Over the years, with growing health and environmental consciousness, organic wines have gained significance. As a result, wine producers all over the world are looking into creating such wines.

Organic cultivation prohibits the use of any and all kinds of chemical or synthetic fertilisers or pharmaceuticals, whether for the growth of the plant, or the combatting of diseases. Driven by a respect for nature and the environment, as well as the culturing of fruits unburdened by non-natural substances and which haven’t been genetically modified, organic cultivation only permits interventions underscored by natural/organic qualities. Ιn the case of viticulture, this is mainly limited to the use of sulphur and copper sulphate to combat the most common diseases that afflict vines (powdery mildew, and downy mildew), and organic compost fertilisers to aid the growth of the plant.

What makes organic wine superior to the regular production of wine? Here are some of the benefits that drew wine lovers towards organic wine production – other than the taste! Organic cultivation emphasizes to the health of the soil. By going organic a winery, is not only producing a premium quality product, but is also making a positive choice for the protection of the environment. Organic wine has lots of antioxidants, vitamins and minerals. The complete lack of pesticides and other chemical formulations has significant health benefits. Last but not least, organic wines tend to express the terroir better by allowing wine to highlight the characteristics of the region’s diversity and climate.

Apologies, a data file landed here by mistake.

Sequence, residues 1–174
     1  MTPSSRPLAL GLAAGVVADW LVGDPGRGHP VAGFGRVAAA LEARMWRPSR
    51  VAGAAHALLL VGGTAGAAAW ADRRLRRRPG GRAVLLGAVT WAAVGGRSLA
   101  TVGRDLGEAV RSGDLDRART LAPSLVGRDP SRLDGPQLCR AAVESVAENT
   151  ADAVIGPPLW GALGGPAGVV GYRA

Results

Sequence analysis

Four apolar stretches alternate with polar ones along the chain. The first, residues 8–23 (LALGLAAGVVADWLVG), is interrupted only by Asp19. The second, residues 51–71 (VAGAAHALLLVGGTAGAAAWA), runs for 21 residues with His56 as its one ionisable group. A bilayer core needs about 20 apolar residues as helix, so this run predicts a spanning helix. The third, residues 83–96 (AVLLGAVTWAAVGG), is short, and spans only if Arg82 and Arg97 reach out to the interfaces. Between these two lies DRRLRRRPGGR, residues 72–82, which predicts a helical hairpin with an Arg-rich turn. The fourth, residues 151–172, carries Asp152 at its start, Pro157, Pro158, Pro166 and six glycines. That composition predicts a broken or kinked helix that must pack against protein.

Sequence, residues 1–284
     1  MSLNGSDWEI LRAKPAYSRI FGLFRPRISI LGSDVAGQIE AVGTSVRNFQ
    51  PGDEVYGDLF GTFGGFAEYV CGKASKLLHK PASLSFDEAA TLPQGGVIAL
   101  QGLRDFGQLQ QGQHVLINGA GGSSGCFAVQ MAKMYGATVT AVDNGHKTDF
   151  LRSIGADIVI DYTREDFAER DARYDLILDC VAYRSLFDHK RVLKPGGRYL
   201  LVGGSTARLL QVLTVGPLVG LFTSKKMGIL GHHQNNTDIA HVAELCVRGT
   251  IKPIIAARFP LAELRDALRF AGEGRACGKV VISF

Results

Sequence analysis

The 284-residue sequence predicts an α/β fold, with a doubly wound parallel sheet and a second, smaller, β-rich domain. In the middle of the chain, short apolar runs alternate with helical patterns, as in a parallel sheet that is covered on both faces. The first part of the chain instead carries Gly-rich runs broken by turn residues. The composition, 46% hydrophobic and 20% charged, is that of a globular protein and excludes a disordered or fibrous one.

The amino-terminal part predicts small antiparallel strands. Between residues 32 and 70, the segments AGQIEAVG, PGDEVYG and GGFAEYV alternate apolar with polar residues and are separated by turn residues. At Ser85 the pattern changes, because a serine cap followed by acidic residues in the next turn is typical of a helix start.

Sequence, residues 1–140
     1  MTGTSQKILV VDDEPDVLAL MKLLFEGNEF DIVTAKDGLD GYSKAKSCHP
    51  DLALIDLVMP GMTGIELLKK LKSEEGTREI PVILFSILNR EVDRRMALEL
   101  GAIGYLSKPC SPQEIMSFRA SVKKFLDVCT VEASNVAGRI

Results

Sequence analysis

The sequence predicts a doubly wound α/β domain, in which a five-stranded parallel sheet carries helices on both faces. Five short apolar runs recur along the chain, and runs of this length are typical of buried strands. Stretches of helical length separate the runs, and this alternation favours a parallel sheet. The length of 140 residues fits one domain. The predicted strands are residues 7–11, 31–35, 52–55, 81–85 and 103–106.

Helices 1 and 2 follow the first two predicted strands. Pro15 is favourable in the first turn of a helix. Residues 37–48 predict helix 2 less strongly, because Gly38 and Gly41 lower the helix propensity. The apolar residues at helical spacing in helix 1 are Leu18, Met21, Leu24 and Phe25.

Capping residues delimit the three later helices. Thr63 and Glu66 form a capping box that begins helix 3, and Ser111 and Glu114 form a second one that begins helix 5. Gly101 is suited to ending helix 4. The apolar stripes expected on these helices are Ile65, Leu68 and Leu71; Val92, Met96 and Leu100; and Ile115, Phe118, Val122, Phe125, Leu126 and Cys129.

Organic wine cultivation sounds easy and traditional. However, the continuous monitoring and careful use of mild technology are essential to create quality organic wine today. At ‘Oenou Yi- Ktima Vassiliades’ we are about to begin our organic wine cultivation, investing in three Cyprus varieties! A large vineyard at an altitude of 950m is about to become organic. In this vineyard our winery aims to explore how this technique affects the white indigenous varieties: Xynisteri, Morokanella, and Promara. Stay tuned!